Back to Work

When we uprooted our lives to move to Virginia for Kat’s new job, we knew there was a possibility – probably a strong possibility – that we’d need to reassess the “stay at home dad” situation at some point. When we looked at our new income versus outgo, we found that it was going to be tight. The cost of living here is higher than Washington (believe it or not), and we knew it was going to be a pretty thin margin.

We recently decided that, unfortunately, the time has come to look at me going from full-time SAHD to a full-time SAHD and a part-time employee somewhere. I’ll be trying to find something in grocery/food/retail, since those are apparently my only marketable skills ever since that accident sidelined my skating career.

They called me "Belle of the Ice."

They called me the “Belle of the Ice.”

I’ll still be home with the boys during the week, and ultimately (“hopefully”) the plan is for me to work a shift each day on weekends. I of course don’t mind doing whatever I need to do for the security of the family, but for the last few months I’ve called no man mister, and it’s been nice. It’s also nice is some time off from morning-to-night responsibility, and filling up all seven days with full-time work of one kind or another will probably be a little tiring.*

We talked about day care (too expensive), a part-time nanny like we had in WA (expensive and hard to find), and getting an au pair (a young woman [or man] would be living with us), but those parentheticals outweighed the notion of having me go to work during the week. Just like when I was part-time at Met, it doesn’t make sense to work a job just to pay someone to watch the boys so that I can work at that job.

This leaves working weekends, and that should at least be enough to have some cushioning and still be able to afford to send donations to Peter Popoff.

The first taste of Miracle Spring Water is free, but sooner or later everyone comes back to the Popper.

The first taste of Miracle Spring Water is free, but sooner or later, everyone comes back to the Popper.

While I’ve (mostly) always taken pride in a job well done, the SAHD job is the only one that has ever brought me true fulfillment. I also like to think that I’m really awesome at it.

That, and delivering moving soliloquies.

That, and delivering moving soliloquies.

I might be missing out on family time on the weekends, but I’ll have that time during the week, and I’ll feel good about contributing to the family in a more tangible way again.

That said…(continued here).

*I know a lot of parents out there struggle much harder than we have to, and I don’t want to understate my respect for those who do; I know a little something about it. I’ve just been fortunate enough to have lots of time with the boys and weekends with the whole family, and I’ve gotten kind of addicted to it. That, and Miracle Spring Water.

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Ten Years of “For Better or For Worse”

Our Christmas tree is probably a lot like many of your Christmas trees; covered with ornaments accumulated over a lifetime, many of which tell their own story. Collectively, many of our ornaments tell the story of our 10-year marriage. As we decorate each year, we can recall every trip, every occasion, every gift, every funny story behind how we acquired each festive bauble. From mementos of trips to handmade gifts from friends to celebrations of our boys’ arrival, our Christmas ornaments are snapshots of some of our best moments and adventures.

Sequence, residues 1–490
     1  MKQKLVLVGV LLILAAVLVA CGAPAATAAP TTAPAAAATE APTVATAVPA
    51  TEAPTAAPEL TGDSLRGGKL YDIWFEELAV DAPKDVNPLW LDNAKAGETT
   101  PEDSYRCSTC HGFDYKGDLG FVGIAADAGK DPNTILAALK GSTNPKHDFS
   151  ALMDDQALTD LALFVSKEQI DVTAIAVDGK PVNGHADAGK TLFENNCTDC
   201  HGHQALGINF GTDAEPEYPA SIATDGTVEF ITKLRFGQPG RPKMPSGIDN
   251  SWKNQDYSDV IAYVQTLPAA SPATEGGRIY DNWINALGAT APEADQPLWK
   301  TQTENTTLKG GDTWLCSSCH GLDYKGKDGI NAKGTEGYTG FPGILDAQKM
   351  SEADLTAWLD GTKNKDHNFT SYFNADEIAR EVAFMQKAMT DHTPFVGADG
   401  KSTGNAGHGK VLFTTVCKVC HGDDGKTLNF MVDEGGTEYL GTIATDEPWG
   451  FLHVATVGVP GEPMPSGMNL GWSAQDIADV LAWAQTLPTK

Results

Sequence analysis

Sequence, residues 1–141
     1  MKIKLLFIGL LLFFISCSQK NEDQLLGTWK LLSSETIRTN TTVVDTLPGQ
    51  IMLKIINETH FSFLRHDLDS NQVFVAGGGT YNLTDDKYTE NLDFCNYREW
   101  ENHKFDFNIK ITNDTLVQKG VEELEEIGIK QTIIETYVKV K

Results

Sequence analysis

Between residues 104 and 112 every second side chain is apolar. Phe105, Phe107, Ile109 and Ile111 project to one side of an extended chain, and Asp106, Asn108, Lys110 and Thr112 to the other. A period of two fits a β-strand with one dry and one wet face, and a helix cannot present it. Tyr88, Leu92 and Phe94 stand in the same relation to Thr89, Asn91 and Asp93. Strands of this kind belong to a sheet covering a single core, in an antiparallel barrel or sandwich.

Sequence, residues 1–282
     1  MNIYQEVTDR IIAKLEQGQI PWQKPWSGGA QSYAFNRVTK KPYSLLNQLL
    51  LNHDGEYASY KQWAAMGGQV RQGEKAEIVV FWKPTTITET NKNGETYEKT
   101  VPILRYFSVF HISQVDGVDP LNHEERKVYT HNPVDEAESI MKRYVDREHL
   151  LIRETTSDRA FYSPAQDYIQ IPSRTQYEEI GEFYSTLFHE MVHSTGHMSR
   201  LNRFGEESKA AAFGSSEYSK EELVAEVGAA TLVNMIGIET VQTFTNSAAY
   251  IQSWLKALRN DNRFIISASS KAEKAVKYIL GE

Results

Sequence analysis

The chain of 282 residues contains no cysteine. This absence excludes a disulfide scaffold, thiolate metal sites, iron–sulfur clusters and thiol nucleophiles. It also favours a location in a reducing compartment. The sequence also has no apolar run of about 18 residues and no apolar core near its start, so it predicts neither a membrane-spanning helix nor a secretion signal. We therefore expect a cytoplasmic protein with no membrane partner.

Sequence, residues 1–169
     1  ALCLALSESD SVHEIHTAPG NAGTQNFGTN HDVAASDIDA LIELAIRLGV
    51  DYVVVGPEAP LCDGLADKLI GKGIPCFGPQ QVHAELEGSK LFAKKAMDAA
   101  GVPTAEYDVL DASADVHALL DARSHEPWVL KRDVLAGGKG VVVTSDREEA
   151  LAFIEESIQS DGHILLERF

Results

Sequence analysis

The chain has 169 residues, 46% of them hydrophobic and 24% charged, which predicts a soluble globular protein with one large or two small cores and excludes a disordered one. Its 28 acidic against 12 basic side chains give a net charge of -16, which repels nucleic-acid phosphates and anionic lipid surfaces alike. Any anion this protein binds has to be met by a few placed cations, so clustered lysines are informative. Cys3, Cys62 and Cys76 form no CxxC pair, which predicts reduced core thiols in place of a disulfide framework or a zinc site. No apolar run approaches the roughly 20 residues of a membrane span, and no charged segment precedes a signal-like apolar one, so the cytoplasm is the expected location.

Inexplicably, ten years ago Karma allowed me to follow through on one of the only good decisions I’ve ever made (that didn’t involve choosing where to eat dinner). Before friends and family and this psychopath that managed the venue (a story for another day), I married Kat, whose virtues are too many to name, but among them is the ability to draw the best out of me, and the best of me out.

Other people in this world have had a better decade and worse decade, but I think not that many have had a more eventful decade than we have. From marriage to cross-country moves to new (good) jobs and new (shitty) jobs to job losses to amazing trips to cancer to infertility to mental health issues to lycanthropy AND vampirism to two wonderful twin boys, we’ve had a rich tapestry of a married life.

I was thinking about this when I was admiring our Christmas tree ornaments this year. I want to share two of them with you:

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A few others may have gotten into the shot, but you aren’t allowed to look at those.

In the foreground there is a resin Santa with a cat draped over his arm. This was the first tree ornament we got as a married couple, during our honeymoon (read: broke-ass three-day weekend in St. Augustine).

Behind ol’ Saint Nick is a little Elmo figure, merrily toting some presents somewhere. It was bought unceremoniously in the Christmas area of a nearby Target. It was the first ornament we got “for” the boys, beginning to weave their likes and personalities into our familial holiday DNA. It was also the last ornament we got before our ten-year anniversary this week.

We’d bought ornaments before the Santa, and we’ll buy more after the Elmo. I just thought about the juxtaposition of a nicer, “grownup” ornament and a fun one for the kids, and think they’re interesting bookends to the first decade of our little family.